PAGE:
5. The combination of claim 4, wherein said wall is separable from the remainder of the valve body and is threadingly connected thereto, said abutments being provided with annular grooves in which the opposite ends of the spring are seated, and said stop means being carried by the Wall and extending into the spring.

6. A fluid pressure controlled valve comprising a valve body having a generally L-shaped fluid passageway therethrough that is partially defined by an annular valve seat, said passageway being for valved flow of fluid therethrough, an elongated valve stem axially aligned with the valve seat and having one end adjacent the valve seat, said one end of the valve stem being provided with a valving element that is sealingly engageable with the valve seat positively to close the valve on movement of the valve stem in a forward direction toward said one end thereof to a predetermined position, said valving element including a tapered portion projecting into the valve seat whereby the passageway is progressively closed as the valve stem progressively moves toward said predetermined position, said body having a control fluid chamber therein, means including a first diaphragm connected to the valve stem for preventing fluid communication between the passageway and said chamber, means including a second diaphragm connected to the valve stem responsive to fluid pressure within the chamber to exert a force upon the valve stem urging movement thereof in a rearward direction with a force that increases in magnitude in response to an increase in pressure in the chamber, spring means yieldingly urging movement of the valve stem in said one direction to said predetermined position, said valve body having a port therein communicating with the chamber for enabling connection of the valve body to a fluid control pressure conduit, stop means disposed rearwardly of the rear end of the valve stem for positively limiting rearward movement of the valve stem, said stop means comprising the body having at its rear a threaded opening thereinto in axial alignment with the valve stem, and an elongated threaded member threaded through said threaded opening said threaded opening, said threaded member having an end disposed in the travel path of the valve stem for limiting rearward movement, of the latter, and micrometer means for indicating the longitudinal position of the elongated member relative to the body.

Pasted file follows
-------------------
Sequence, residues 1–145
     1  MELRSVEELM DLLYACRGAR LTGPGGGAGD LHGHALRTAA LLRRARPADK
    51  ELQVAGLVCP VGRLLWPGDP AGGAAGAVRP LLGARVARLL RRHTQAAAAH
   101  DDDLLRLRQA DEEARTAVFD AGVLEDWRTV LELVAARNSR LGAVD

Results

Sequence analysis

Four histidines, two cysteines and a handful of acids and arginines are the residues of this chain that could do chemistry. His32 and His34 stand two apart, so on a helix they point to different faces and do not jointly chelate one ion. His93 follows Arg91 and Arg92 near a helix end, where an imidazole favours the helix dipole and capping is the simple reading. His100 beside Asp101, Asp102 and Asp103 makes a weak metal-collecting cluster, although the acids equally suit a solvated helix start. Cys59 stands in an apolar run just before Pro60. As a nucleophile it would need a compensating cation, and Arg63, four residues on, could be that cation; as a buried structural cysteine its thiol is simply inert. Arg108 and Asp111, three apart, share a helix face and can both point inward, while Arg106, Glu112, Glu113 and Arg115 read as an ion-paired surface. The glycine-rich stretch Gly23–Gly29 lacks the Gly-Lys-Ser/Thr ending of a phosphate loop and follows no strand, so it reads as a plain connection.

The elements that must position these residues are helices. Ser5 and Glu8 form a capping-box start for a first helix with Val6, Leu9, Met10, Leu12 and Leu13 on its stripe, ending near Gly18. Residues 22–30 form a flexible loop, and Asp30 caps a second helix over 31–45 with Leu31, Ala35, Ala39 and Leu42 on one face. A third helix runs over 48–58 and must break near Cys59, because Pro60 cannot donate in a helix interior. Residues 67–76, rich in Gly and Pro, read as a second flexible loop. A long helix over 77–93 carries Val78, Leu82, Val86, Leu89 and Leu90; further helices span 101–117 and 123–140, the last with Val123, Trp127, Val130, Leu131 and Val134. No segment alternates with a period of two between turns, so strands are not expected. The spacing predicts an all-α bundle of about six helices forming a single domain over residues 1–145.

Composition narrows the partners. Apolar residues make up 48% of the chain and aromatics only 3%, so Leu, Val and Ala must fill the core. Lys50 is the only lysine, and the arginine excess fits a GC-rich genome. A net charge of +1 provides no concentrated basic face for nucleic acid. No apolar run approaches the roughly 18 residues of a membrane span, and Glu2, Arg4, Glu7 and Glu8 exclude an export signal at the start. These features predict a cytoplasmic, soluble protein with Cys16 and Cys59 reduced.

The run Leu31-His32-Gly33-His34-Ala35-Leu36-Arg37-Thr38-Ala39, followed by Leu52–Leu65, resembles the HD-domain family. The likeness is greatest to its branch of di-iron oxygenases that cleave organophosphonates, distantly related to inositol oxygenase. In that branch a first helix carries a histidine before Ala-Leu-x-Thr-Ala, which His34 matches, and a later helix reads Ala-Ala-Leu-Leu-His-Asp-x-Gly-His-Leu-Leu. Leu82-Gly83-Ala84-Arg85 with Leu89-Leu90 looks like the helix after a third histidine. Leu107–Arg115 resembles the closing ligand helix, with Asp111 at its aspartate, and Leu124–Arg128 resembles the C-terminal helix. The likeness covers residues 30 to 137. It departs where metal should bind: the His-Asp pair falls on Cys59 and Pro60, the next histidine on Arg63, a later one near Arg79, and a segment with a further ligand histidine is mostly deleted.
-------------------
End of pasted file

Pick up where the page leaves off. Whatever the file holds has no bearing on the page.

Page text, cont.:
7. A fluid pressure controlled valve comprising a valve body having a generally L-shaped fluid passageway therethrough that is partially defined by an annular valve seat, said passageway being for valved flow of fluid therethrough, an elongated valve stem axially aligned with the valve seat and having one end adjacent the valve seat, said one end of the valve stem being provided with a valving element that is sealingly engageable with the valve seat to close the valve on movement of the valve stem in a forward direction toward said one end thereof to a predetermined position, said valving element including a tapered portion projecting into the valve seat whereby the passageway is progressively closed as the valve stem progressively moves toward said predetermined position, said body having a control fluid chamber therein, means for preventing fluid communication bet-ween the passageway and said chamber, means connected to the valve stem responsive to fluid pressure within the chamber to exert a force upon the valve stem urging movement thereof in a rearward direction with a force that increases in magnitude in response to an increase in pressure in the chamber, spring means yieldingly urging movement of the valve stem in said one direction, said valve body having a port therein communicating with the chamber for enabling connection of the valve body to a fluid control pressure conduit, said means for preventing fluid communication between the passageway and the chamber comprising a movable diaphragm having a relatively movable central portion, said diaphragm separating the chamber and the passage-way and having a periphery fixed sealingly to the valve body, said valve stem extending through the central portion and being in fixed sealing engagement therewith, said means connected to the valve stem responsive to fluid pressure within the chamber to exert a force upon the valve comprising a second diaphragm having a relatively movable central portion, said second diaphragm having a periphery fixed sealingly to the valve body to partially define said chamber; and the valve stem being fixed to the central portion of the second diaphragm, said first mentioned diaphragm and the second diaphragm respectively presenting relatively smaller and greater effective areas to the action of fluid pressure prevailing in the chamber, said valve stem extending through the second diaphragm and wherein the end of the valve stem remote from said one end thereof being enlarged to constitute a first spring abutment facing in the rearward direction, said valve body including a Wall constituting a second spring abutment facing the forward direction, said spring means comprising a helical compression spring disposed between and seated against the spring abutments, said Wall being provided with a cylindrical boss aligned with the valve stem and extending outwardly from the valve body, said wall and the boss having a threaded opening extending entirely therethrough in alignment with the valve stem, an elongated and threaded stop member threadingly extending through the threaded opening, said member having a first end disposed in the travel path of the valve stem and a second end, said second end of the stop member being provided with a skirt rotatably embracing the boss, indicia circumscribed about the skirt, and indicia extending axially along the boss.